“Don’t ask what your country can do for you but what you can do for your country”
This is one of the frequently used quotes in the Nigerian advocacy for paradigm shift, it questions our desire to put our country first as patriots. As we all know, Nigeria has not been too efficient at providing basic welfare for its citizens, yet we live with the idea of giving back to a state that continues to rape its citizens. No thanks, to the ruling elites supported by a few political bourgeois, who work hand in hand with born again pro-democracy ex-military officers.
Shortly after President Jonathan was sworn in May 29, 2011, the buzz about how he was ever going to deliver his transformation agenda became the order of the day. For a president with low self-esteem, no exposure to leadership but became the president of the Federal Republic of Nigeria by the virtue of controlling the state resources and security apparatus before the elections, it was a herculean task. He had a choice, to swim with the political sharks and make it business as usual or seek for some sort of legitimacy for his presidency by reaching out for a technocrat who could drive the macroeconomic policies without looting the treasury.
The President sought after Ngozi Okonjo-Iweala, the former Minister of Finance under former President Obasanjo, he was convinced that her credentials which included the World Bank Managing Director, would lend the much-needed credence to his government and derive the trust he needed badly from Nigerians. If the elections were won by luck and some elements of ethnic and religious sentiments, the economy would not be run on that. Some quarters within the ruling party were quick to remind the president of the perceived domineering attitude of this former Minister of Finance, that the presidency may be subdued by her personality and ego. They tried to convince the president not to bring Ngozi Okonjo-Iweala back, the Nigerians newspapers went to town with different versions of what was going on within the presidency. I suppose some quarters felt her presence meant a stop to their feeding off the system and acquiring humongous wealth.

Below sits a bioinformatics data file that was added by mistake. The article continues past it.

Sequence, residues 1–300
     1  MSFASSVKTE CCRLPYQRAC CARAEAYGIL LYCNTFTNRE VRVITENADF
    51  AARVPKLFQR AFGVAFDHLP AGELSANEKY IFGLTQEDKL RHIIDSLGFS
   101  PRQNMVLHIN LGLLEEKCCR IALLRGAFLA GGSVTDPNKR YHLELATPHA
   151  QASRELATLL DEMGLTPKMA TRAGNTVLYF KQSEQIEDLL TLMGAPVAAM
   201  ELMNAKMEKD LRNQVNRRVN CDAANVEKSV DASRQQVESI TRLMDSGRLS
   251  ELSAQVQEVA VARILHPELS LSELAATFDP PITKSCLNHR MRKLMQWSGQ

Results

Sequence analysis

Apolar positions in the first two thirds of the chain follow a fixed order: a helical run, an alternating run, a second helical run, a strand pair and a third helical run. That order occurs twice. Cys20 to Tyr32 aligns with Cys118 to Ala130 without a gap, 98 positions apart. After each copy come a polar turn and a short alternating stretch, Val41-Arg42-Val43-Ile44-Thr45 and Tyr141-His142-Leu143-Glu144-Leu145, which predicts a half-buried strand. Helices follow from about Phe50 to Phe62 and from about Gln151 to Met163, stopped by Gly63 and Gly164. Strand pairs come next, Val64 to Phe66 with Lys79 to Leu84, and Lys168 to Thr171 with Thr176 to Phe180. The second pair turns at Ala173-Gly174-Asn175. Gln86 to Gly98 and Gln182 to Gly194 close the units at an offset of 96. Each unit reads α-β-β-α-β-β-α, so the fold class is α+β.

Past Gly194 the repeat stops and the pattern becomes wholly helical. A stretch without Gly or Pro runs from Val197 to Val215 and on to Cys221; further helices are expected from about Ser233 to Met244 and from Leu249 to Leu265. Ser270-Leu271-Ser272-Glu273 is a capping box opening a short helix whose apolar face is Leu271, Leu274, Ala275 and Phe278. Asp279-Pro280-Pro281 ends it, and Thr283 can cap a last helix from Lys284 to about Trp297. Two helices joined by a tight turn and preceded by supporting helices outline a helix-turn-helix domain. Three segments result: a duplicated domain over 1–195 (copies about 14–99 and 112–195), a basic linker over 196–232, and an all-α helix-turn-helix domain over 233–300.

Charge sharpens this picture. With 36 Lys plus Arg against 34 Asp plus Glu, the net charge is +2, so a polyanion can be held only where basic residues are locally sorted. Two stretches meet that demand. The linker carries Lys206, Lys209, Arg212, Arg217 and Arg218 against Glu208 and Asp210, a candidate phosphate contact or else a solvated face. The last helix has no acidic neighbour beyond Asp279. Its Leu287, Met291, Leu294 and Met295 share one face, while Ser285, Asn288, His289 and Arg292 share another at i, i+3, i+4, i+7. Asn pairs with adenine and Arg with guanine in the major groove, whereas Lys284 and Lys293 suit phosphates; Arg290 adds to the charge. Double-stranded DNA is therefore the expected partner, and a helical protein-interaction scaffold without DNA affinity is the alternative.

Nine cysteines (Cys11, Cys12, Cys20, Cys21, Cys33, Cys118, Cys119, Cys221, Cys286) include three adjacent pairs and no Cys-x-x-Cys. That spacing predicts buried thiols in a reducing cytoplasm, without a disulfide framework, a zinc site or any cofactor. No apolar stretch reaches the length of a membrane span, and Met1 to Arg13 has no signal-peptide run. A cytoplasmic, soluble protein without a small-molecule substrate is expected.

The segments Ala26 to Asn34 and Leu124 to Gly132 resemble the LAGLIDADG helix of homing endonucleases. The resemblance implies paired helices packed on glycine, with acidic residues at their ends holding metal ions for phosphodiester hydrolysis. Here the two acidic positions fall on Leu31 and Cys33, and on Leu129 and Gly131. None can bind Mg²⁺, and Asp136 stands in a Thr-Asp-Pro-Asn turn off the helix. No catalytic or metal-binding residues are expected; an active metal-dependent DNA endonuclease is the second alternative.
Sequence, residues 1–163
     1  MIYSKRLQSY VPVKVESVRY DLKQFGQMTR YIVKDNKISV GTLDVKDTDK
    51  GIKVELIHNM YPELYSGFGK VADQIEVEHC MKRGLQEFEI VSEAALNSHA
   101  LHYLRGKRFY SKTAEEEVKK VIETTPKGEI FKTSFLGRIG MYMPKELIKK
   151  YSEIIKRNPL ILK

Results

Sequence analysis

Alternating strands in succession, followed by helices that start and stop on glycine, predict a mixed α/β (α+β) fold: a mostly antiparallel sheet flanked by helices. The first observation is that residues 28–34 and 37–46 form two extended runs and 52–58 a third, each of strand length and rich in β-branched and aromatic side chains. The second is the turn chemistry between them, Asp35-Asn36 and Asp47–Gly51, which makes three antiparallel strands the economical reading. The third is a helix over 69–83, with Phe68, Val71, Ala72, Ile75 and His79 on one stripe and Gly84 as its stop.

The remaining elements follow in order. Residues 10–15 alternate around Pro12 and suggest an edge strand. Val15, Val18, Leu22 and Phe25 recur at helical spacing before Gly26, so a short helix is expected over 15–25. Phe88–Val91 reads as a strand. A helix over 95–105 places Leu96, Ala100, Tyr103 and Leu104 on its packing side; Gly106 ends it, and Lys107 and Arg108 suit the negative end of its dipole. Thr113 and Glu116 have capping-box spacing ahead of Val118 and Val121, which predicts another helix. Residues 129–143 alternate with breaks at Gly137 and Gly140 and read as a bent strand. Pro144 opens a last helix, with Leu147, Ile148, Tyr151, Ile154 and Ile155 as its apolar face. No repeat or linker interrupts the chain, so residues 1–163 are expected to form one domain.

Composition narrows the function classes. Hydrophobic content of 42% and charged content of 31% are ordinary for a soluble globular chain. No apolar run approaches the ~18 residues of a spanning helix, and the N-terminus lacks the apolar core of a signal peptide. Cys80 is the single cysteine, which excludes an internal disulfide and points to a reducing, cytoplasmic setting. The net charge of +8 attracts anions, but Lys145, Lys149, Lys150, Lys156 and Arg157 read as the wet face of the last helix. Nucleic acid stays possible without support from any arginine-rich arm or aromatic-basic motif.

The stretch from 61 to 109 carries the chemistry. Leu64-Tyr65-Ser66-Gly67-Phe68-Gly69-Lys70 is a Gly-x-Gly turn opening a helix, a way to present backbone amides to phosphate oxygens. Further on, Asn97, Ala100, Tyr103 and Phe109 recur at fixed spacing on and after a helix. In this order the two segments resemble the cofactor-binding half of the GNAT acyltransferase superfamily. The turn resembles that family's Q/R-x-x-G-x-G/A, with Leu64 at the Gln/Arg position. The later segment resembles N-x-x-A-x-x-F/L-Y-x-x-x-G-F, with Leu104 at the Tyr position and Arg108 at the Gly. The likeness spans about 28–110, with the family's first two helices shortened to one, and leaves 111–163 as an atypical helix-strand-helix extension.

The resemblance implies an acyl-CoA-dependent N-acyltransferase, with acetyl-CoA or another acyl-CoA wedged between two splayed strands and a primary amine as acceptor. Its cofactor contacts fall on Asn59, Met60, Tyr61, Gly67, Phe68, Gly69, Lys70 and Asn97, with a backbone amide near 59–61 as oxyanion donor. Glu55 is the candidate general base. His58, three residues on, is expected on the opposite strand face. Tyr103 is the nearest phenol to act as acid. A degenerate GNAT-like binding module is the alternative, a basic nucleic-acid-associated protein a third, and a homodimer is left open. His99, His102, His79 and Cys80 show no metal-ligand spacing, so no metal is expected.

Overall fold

I was not sure of what to make of the return of Ngozi Okonjo-Iweala. I have never recovered from her October 2005 advertised success of leading the Nigerian team that struck a deal with the Paris Club and a group of bilateral creditors to pay off Nigeria’s external debt of US $ 12 billion in return for a US $ 18 billion debt write off. Her excuse? Nigeria was servicing external debt with US $ 1 billion a year, it was not making sense and she wanted to redeem that. I still question her judgment for repaying a debt of US $12 Billion in 2005, which developing country on planet earth does that? Assuming we built a power station with that US $12 billion, we would turn our economy around and probably run a surplus budget in 10 years to repay those debts. Her first stint as a Minister of Finance was also not without some controversy, she and Olu Adeniji were being paid US $ 240, 000 as salary from a donor supported Diaspora Fund negotiated by the government. In 2007, the Court of Appeal rule that the payment was not in tandem with our laws, and ruled that Ngozi Okonjo-Iweala and Olu Adeniji pay back the excess to the account of the state. The Federal Government of Nigeria, Olu Adeniji and Ngozi Okonjo-Iweala have appealed to the Supreme Court and judgment is pending, that is if we ever get a judgement. After paying off the debt, as the head of Nigeria’s Economic Team, she boasted about the number of jobs and growth to derive from paying the debts with a fortune spent promoting the NEEDS agenda. We never had assessment of the outcomes but surely if it worked, we would be better off today.